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Dilation and Curettage (D&C)


What Is D&C?

The D stands for dilation, refers to the dilation (widening/opening) of the cervix and surgical removal of part of the lining of the uterus and/or contents of the uterus by scraping and scooping (curettage). It is a diagnostic gynecological procedure as well as a rarely used method of first trimester abortion. A D&C is seldom done as a lone procedure anymore. It is most frequently done as an adjunct procedure to a hysteroscopy and/or polypectomy.

Why is it done?

  • Irregular bleeding: You may experience irregular bleeding from time to time, including spotting between periods.
  • Too much bleeding: Bleeding with long, heavy periods, or bleeding after menopause, can signal a number of problems.
  • Fibroids and polyps: Fibroid tumors are noncancerous growths appearing in and on the uterus. Fibroids can cause chronic pain and heavy bleeding. Polyps, like fibroids, are noncancerous growths and are a common cause of irregular bleeding.
  • Therapeutic D&C: A D&C is often planned as treatment when the source of the problem is already known. One situation is an incomplete miscarriage or even full-term delivery when, for some reason, the uterus has not pushed out all the fetal or placental tissue inside of it. If tissue is left behind, excess bleeding can result, perhaps even life-threatening bleeding. This is an important reason why your doctor will want to remove any remaining tissue with a D&C.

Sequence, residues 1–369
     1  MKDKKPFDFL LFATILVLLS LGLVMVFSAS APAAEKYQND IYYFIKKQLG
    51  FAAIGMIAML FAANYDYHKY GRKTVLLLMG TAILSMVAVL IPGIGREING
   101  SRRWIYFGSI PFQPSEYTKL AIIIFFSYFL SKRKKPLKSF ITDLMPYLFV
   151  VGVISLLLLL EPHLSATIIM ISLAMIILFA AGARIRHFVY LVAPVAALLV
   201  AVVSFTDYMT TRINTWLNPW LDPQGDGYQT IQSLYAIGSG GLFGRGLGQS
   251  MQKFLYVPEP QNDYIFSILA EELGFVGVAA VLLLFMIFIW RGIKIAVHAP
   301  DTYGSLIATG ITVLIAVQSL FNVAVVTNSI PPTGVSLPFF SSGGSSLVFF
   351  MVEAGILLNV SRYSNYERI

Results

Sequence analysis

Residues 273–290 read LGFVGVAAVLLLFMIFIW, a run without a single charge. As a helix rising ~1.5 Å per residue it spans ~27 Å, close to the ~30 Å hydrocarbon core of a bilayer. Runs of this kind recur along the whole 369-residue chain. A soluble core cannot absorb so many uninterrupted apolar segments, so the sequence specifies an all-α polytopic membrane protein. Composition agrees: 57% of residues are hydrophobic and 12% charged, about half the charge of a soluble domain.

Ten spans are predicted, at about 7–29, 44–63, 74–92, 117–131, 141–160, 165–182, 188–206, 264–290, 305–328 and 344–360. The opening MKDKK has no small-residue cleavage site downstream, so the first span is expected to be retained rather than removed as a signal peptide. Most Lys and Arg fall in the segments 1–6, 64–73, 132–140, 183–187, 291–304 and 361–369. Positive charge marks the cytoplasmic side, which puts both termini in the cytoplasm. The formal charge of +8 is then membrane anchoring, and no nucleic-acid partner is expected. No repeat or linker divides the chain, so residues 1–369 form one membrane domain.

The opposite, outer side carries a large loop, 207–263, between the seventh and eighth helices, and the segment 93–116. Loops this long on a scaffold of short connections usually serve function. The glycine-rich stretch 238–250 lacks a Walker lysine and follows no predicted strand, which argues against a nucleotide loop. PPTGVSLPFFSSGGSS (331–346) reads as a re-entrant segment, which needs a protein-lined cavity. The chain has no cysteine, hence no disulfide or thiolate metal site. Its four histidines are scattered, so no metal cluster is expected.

What to expect after surgery?

After a D&C, if you had general anesthesia, you may feel groggy for a while and have some brief nausea and vomiting.

You can return to regular activities within one or two days. In the meantime, ask your doctor about any needed restrictions. You may also have mild cramping and light spotting for a few days. This is normal. You may want to wear a sanitary pad for spotting and take pain relievers for pain.

You can expect a change in the timing of your next menstrual period. It may come either early or late. To prevent bacteria from entering your uterus, delay sex and use of tampons until your doctor says it's OK.

What are the risks of the surgery?

  • Introduction or spreading of infection
  • Adverse reaction to general anesthesia required during the surgery or from instrumentation itself, as the procedure is performed blindly (without the use of any imaging technique such as ultrasound or hysteroscopy).
  • Uterine perforation. Infection of the uterus or fallopian tubes is also a possible complication, especially if the woman has an untreated sexually transmitted infection.
  • Intrauterine adhesions, or Asherman's syndrome.
  • Excessive dilatation may also lead to cervical incompetence in the future, which increases the chance of miscarriage.

What are the alternatives to the surgery?

X-rays and scans, such as ultrasound, CT and MRI scans, can be of some help in finding the cause for the bleeding. None of these tests produce samples of tissue. A D&C is the simplest way of doing this but nowadays it is usually combined with a hysteroscopy, which is diagnostically more accurate.


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